Friday, November 04, 2011

Book Review: Cinderella Ate My Daughter


If ever a book was to embody what I try and profess everyday, it would be this book. Oh yes, it would.

In this hilarious yet en pointe opinion piece, Orenstein highlights what she sees as current issues facing girls, especially related to girl-targeted products and marketing. Mind you, she does not insinuate that princesses, liking pink, or wanting to be girly are bad or harmful. Rather, she argues that the way that these are often presented by marketers, and then adapted by parents and kids themselves can be harmful to body image and self-awareness. In fact, it's not just princesses; she also analyzes pop culture icons {like Miley Cyrus}, Facebook, American Girl dolls, and the pageant culture.

Most salient with me are the points she makes regarding gender roles and sexualization of young girls. Disney {who I still love, let's just get this straight} is notorious for this. Not in any sort of obvious or malicious way, but one only has to look at performers like Britney Spears to notice the cycle. Young girl is "made" by Disney, projects innocent yet sexy {and unaware of sexiness} image, pledges to virginity until marriage and then poses nude for a magazine {sometimes at the age of 15!}. This, of course sets Disney into a flurry of panic, whereby they quietly bring forth their new wholesome pop star who has been waiting in the wings. Orenstein argues that this commodifies sexuality in a few ways. One, the obvious expectation of unaware sultriness, and two they value perceived virginity and purity over all else. Girls are taught that their purity matters more than anything else. You can be successful, a pop star, a singer, but not a virgin? Or don't act like one? Tough luck, you're done.

But, over and above how much I agree with most of her points {surprised?}, I love how Orenstein discusses her own struggle with this. She has a daughter and struggles with the same questions all mothers, and those of us who work with youth struggle with. What's so wrong with being girly? Surely, pink isn't going to teach young girls to be airheads? Why can't we indulge them in princess stuff? None of these are terrible questions and are important to ask. I myself was permanently attached to a "Cinderella" dress as a toddler {or, until I was 7} and I'm extremely outspoken about gender and body image. It's important that authors who make these points are clear: it's not the glitter, or the Disney, or the pink, or anything. It's the package. It's the complete message, and the whole message isn't coming from you. It comes from school, the internet, friends, TV, and books {hello Twlight!}. I love that she articulates this, and is not just another pink-hating author.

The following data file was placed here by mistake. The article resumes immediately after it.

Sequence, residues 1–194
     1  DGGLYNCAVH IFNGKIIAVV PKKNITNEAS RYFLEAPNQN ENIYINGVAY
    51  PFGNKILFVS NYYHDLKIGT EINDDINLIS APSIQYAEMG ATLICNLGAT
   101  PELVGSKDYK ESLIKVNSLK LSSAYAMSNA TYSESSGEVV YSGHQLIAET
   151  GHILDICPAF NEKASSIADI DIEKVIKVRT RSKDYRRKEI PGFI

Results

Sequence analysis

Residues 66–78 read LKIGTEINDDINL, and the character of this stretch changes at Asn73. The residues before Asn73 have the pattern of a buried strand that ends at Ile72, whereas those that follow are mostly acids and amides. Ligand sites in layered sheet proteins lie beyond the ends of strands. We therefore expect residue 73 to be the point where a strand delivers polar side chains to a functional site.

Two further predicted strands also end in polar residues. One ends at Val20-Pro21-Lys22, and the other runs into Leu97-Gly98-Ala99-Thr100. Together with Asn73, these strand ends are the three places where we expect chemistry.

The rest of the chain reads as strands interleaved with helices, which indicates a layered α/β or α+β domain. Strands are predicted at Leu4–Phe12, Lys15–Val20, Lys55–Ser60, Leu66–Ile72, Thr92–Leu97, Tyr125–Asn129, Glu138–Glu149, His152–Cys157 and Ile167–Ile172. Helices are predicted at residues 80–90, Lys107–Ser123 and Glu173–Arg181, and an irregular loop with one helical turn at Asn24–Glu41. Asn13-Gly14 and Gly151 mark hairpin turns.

This is a wonderful read for anyone who is interested in gender, and girl-targeted marketing. Its easy to read. I finished this in less than 24 hours. Part of that was because I didn't want to put it down, and the other part was that it's written for a general audience and is easy to digest. Even if you don't agree with all of the points Orenstein makes {and I didn't}, she presents a compelling argument and balances that with real-world experience and limitations. You won't be disappointed.


  1. These are all topics that I've never consider but I might ought to! Thanks for linking up!

  2. interesting! what a read :)

    happy weekend!

  3. Anonymous12:55 PM

    I rarely stray from fiction, but this just may make me! It sounds interesting...thanks!

  4. i really loved this book!
    and i love the 3 folks above might read this book because of your review!
    blake is reading it right now and hes really enjoying it too!

  5. oh my gosh, this looks like a good book. now I have to read it. I've done some book reviews on my blog too.. check em out.

  6. Anonymous9:55 AM

    Just stopping by to say Hello! and we love your blog! :) We would love to do a link swap!